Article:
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Disenfranchised Grief: How to Recognize It and Provide the Right Support

As therapists, we need to be aware of what disenfranchised grief is, how it shows up, and what our clients need to effectively manage their mental health.

Written by
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Caroline Myers, LCSW
Spring Health Provider
Clinically reviewed by
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    Nearly everyone is grieving these days, though perhaps not in the traditional sense. 

    Modern grief looks different. It’s not widely recognized or understood, and it affects the way we’re able to show up and perform at work. 

    As therapists, to provide adequate support to our clients, we need to be aware of what disenfranchised grief is, how it shows up, and what people need to effectively manage their mental health. 

    What is disenfranchised grief?

    Disenfranchised grief is an experience of sadness or grief that feels like a typical grieving process, but the catalysts are things that aren’t societally accepted or understood as grief. It’s harder to support because the causes are not universally acknowledged, and it shows up differently in everyone.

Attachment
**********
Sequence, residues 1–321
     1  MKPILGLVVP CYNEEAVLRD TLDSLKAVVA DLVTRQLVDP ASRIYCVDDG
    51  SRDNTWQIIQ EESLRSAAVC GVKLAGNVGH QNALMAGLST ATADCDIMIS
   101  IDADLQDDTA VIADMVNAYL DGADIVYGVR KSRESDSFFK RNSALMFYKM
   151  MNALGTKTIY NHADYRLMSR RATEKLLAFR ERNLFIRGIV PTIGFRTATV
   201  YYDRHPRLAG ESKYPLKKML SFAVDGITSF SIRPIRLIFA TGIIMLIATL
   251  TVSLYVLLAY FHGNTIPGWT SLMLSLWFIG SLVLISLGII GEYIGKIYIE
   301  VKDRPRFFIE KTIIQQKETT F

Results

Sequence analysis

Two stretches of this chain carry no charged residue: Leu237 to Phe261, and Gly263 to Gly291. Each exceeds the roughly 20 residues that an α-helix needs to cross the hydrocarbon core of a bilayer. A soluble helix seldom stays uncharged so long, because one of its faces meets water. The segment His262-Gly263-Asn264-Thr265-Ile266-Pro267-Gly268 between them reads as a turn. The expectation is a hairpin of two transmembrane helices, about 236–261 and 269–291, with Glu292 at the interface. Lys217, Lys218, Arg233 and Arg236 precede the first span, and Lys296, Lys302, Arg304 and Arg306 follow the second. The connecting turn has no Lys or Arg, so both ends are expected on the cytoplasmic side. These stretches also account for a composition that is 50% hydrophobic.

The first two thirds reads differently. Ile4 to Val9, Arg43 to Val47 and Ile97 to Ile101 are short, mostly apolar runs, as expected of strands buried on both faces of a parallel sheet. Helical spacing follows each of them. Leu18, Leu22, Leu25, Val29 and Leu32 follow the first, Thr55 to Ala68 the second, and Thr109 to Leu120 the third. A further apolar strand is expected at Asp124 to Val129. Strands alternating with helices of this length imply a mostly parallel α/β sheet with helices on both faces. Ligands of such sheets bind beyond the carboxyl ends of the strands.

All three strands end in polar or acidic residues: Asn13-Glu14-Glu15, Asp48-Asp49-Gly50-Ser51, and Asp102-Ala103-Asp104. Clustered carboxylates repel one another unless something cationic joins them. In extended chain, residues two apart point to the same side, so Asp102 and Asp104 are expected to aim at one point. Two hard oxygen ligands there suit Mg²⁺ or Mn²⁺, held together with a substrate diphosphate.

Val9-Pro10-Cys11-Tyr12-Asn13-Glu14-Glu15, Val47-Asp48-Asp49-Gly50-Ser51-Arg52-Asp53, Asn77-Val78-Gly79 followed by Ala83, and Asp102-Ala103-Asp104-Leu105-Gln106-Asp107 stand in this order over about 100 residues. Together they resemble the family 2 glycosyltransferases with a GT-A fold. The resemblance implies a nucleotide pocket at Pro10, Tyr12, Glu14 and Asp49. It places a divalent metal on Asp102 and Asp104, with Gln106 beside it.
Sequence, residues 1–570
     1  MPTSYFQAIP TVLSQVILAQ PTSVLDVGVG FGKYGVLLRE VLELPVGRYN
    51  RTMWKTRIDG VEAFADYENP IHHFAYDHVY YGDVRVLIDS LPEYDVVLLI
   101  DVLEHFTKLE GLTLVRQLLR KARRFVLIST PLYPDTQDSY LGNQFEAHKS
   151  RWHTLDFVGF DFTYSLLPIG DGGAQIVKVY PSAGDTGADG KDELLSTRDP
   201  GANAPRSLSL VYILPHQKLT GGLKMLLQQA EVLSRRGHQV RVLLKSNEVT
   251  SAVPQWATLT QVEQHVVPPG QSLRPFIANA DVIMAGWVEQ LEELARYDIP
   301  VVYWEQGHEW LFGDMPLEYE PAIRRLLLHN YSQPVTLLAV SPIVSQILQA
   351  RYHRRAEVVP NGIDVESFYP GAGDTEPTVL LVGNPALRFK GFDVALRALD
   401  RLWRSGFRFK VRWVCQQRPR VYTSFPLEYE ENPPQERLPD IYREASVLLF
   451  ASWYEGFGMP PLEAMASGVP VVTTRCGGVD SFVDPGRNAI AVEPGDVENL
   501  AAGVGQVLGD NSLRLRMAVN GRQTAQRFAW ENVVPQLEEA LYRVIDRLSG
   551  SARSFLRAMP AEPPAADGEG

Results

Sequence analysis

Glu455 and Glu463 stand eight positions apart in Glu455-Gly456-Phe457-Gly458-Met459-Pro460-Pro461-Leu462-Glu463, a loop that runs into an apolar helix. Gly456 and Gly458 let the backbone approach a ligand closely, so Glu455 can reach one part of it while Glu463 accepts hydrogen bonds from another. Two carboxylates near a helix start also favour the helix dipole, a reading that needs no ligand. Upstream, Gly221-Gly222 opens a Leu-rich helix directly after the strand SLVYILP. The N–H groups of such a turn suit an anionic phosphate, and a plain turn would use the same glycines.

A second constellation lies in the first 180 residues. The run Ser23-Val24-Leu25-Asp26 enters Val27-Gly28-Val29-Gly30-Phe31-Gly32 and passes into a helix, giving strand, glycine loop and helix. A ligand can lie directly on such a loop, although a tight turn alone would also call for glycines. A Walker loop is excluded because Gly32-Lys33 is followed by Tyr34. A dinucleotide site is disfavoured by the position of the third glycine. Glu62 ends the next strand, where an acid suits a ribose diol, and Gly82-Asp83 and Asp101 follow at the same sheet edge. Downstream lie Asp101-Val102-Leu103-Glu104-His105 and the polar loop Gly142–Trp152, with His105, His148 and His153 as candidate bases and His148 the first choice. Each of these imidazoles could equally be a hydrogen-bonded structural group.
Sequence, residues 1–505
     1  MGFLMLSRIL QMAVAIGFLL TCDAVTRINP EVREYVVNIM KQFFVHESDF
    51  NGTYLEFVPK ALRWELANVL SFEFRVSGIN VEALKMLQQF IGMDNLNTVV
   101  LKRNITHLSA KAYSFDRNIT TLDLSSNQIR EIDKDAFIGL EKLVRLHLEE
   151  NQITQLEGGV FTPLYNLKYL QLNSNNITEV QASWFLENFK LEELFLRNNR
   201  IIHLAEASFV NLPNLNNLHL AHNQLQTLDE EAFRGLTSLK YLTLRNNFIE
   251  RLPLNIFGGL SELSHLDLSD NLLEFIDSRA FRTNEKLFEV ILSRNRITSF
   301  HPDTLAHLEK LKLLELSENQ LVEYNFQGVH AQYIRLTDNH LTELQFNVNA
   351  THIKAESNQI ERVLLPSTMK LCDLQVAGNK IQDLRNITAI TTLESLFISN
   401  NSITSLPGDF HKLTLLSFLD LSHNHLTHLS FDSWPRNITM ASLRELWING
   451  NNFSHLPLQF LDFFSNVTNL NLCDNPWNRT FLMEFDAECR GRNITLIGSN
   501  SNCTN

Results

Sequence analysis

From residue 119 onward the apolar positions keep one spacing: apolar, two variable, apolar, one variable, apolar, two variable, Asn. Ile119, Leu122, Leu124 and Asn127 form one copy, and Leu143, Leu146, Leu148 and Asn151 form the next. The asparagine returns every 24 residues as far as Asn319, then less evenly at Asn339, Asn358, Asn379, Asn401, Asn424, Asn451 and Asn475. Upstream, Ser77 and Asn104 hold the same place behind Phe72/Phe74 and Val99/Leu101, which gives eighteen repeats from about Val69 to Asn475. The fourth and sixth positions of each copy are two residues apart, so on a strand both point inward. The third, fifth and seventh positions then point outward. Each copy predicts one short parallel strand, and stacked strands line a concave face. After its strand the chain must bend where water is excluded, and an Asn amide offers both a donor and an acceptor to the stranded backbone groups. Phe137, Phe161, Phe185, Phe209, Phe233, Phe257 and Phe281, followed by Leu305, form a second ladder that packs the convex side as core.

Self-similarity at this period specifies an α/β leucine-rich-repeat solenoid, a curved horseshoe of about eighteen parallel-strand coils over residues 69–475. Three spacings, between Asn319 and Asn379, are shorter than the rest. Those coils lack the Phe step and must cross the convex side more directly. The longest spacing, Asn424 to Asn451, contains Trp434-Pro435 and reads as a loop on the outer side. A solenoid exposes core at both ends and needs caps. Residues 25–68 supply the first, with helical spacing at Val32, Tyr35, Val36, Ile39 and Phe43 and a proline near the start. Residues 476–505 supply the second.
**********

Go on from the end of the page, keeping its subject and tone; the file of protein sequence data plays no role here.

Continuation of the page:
We all recognize that loss due to death elicits feelings of grief and sadness, and we have processes in place to honor that.  

    Disenfranchised grief, on the other hand, is often ignored because we don’t always know it when we see it, and we also don’t have the same established coping mechanisms readily available to address it. 

    If ignored for long enough, it can manifest into depression, prolonged grief disorder, or other diagnosable mental health issues. 

    The many faces of grief today

    Right now, grief is felt on a day-to-day basis, as people struggle through various losses on top of daily obligations and recurring traumatic events. It is layered and more nuanced than what we think of as typical or tangible losses. 

    It’s not the loss of a person or a specific thing, but rather the loss of what’s normal. The loss of human connection, the loss of the commute to work, and the loss of workplace connections. 

    We feel these losses deeply. I’m seeing so many people struggle with the emotional impact, but since they don’t fit into our traditional understanding of grief, we aren’t practiced in acknowledging these losses in ourselves or in others. 

    There's also stigma and judgment involved that leaves people feeling lonely and isolated, in addition to feeling sad. 

    Recognizing tremendous, nuanced loss

    Losses like large layoffs, pregnancy loss, death of a pet, and death due to COVID-19 are tremendous losses for people, and yet they aren't widely recognized. 

    Even more nuanced is grief due to the loss of familiar social interactions, and the loss of family connections due to division caused by cultural or political differences, newly enhanced in the COVID era. 

    Many people are feeling uncomfortable with routines that used to be familiar but aren't anymore. That discomfort leads to a lot of sadness. 

    People are going back to the office, but with questions:

    • Do we shake hands? 
    • Can I hug you? 
    • Do we touch elbows?